Written by David Leonhardt, the piece is entitled "What Netflix Could Teach Hollywood" and features a nice photo of Netflix chief Reed Hastings amidst a pile of his signature red mailing envelopes.
The article begins by covering familiar territory and talks about how the popular online DVD rental service has given new life to nearly forgotten movies like Francis Ford Coppola's "The Conversation," largely through member ratings and the Netflix recommendation engine.
The result is a vast movie meritocracy that gives a film a second or third life simply because — get this — it's good. Last year, "The Conversation" (average rating: four stars) was the 13th-most-watched movie from the early 1970's on Netflix.
OK, that's interesting.
But that is apparently not what Netflix has to teach Hollywood.
He goes on to say that downloading movies from online services like MovieLink and CinemaNow is the way of the future and that online movie download services would be far more successful, if only they had enough product. If MovieLink had as large a selection of new movies as Netflix, he suggests, Netflix would be withering on the vine.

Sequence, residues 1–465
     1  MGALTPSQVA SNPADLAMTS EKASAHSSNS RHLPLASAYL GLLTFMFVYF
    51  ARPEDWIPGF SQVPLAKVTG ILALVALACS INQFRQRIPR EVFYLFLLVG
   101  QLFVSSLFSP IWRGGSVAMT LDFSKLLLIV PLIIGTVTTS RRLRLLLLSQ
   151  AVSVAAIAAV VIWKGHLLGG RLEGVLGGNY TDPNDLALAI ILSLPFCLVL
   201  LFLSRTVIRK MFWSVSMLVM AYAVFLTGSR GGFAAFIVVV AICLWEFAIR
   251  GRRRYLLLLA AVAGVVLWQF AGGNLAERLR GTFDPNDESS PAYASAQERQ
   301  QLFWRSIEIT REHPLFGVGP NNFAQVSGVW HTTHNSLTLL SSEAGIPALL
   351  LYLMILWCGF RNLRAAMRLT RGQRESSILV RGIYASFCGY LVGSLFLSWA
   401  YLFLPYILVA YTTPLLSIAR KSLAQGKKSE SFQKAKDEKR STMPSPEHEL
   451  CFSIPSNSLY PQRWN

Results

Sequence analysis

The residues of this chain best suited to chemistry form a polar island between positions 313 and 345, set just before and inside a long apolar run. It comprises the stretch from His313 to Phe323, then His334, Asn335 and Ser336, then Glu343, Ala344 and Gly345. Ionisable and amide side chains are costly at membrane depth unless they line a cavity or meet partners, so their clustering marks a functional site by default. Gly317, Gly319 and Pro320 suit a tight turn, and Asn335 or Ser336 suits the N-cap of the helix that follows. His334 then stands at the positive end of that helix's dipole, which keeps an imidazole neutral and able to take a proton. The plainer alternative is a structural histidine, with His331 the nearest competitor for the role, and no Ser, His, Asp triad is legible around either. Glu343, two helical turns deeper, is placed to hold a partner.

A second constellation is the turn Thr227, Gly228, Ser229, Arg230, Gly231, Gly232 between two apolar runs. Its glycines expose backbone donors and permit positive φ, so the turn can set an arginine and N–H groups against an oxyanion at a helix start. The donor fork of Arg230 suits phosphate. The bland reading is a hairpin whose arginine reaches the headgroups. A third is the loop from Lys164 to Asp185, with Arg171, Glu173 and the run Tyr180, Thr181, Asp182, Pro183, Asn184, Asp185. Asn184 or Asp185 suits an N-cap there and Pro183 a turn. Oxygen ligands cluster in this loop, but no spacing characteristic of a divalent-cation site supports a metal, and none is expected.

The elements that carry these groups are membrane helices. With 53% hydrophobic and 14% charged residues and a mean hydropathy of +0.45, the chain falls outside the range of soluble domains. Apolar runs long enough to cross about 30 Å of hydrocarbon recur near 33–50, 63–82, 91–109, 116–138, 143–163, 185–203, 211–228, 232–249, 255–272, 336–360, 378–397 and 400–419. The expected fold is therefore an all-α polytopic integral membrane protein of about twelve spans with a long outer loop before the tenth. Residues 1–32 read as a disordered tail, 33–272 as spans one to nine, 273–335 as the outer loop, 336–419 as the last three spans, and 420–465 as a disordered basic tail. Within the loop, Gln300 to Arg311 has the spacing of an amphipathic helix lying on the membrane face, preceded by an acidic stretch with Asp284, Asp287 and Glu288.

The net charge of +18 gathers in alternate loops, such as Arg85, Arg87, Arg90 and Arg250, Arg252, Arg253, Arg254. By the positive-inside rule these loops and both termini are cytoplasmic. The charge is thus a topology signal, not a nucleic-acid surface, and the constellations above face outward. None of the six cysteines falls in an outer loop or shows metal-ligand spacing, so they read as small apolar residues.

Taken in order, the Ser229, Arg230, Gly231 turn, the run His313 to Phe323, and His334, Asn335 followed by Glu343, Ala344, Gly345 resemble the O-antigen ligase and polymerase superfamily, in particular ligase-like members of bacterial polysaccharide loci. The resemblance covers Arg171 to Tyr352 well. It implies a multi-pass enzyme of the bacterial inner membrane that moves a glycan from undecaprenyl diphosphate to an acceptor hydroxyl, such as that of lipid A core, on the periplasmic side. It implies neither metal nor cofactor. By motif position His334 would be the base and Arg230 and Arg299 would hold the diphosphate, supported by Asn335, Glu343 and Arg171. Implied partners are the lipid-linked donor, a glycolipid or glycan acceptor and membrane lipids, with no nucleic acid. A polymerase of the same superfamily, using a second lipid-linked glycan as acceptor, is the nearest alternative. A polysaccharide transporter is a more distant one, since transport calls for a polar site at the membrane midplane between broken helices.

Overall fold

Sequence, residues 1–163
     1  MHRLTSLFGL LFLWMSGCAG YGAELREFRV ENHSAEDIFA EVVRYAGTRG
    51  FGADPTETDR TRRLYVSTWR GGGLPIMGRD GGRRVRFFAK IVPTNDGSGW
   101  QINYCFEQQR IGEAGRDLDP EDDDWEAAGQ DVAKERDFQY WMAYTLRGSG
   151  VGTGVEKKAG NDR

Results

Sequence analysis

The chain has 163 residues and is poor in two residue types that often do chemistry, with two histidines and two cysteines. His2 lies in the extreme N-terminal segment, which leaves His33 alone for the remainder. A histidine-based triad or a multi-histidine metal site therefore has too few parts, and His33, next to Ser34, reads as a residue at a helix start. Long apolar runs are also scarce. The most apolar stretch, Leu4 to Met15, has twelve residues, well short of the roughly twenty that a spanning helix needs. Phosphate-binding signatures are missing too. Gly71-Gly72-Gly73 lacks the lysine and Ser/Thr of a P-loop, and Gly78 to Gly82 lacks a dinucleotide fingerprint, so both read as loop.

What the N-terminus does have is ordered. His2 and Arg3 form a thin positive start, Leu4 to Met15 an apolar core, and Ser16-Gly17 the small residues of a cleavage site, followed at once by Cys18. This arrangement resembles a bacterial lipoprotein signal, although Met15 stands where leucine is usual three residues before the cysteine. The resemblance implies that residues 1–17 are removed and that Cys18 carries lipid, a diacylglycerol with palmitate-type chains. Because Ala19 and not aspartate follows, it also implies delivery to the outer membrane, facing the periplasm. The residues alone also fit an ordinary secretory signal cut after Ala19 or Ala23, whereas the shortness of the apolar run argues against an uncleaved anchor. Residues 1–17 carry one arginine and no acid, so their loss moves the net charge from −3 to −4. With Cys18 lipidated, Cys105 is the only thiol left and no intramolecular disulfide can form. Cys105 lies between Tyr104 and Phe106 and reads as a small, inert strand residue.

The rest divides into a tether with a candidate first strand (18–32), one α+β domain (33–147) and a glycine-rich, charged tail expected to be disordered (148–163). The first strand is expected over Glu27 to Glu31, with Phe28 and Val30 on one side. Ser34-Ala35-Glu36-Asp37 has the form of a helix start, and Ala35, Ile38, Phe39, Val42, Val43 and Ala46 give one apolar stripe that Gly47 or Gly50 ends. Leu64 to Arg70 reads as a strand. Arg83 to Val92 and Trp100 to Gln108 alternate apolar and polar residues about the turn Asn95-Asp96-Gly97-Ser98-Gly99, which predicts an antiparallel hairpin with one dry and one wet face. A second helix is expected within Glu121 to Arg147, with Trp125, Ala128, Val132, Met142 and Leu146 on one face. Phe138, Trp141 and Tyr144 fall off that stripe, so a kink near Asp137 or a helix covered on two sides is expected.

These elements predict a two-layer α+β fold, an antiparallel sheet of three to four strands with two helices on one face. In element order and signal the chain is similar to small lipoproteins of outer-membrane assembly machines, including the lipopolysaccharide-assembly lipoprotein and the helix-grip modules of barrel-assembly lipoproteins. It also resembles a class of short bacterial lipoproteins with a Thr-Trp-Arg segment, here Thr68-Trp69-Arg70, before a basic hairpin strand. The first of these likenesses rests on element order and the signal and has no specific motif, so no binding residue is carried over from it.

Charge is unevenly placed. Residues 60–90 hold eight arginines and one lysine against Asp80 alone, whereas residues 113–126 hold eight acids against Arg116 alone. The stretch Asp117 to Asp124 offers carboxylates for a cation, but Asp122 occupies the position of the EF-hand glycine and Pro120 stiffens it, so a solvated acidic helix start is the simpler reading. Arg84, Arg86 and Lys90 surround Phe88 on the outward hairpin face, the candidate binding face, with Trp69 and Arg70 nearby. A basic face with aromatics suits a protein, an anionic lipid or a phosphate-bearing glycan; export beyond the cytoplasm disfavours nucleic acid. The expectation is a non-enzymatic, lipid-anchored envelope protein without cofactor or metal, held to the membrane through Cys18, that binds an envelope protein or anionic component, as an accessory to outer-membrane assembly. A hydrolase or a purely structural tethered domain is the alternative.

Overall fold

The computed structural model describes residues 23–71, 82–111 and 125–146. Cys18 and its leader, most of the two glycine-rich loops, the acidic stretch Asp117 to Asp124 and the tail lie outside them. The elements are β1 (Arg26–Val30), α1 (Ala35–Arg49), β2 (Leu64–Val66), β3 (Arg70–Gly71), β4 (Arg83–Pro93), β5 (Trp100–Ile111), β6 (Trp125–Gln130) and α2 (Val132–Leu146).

The problem is that the studios have sold the exclusive digital rights for most movies (which don't apply to physical DVD's) to a television channel, like HBO. The agreements last for years and, since they bring in millions of dollars, the studios aren't about to stop signing them.
So what's saving Netflix - allowing it to thrive when the technology to obliterate it already exists - is yet another attempt by Hollywood to hold onto a fading business model. Remember, this is the industry that filed lawsuits in the 1970's to prevent people from watching movies at home.
Well, that's where he lost me.
Sure, the technology exists. Sort of. Putting aside for the moment the fact that legal movie downloads are not yet available on all computer platforms, the truth is that it still takes a considerable amount of time and effort for the average Joe to download a 90-minute film to a computer (or a DVR).
Then there's the issue of the quality of the video and the near impossibility (again, for the average Joe or Jill) of hooking a computer up to your TV set. And let's not forget that broadband still does not reach most American homes, the way a DVD can.
But the most surprising thing in this article is that early on, Leonhardt poses this question:
Out of the 60,000 titles in Netflix's inventory, I ask, how many do you think are rented at least once on a typical day?
The answer is 35,000 to 40,000, which means that most of the movies that are being rented on a daily basis through Netflix are "library" or "catalog" titles like "The Conversation," not new releases that are under exclusive license to pay TV channels.
Which kind of undermines his main thesis, especially since the exclusive pay TV window generally lasts three years or less.
Or am I missing something?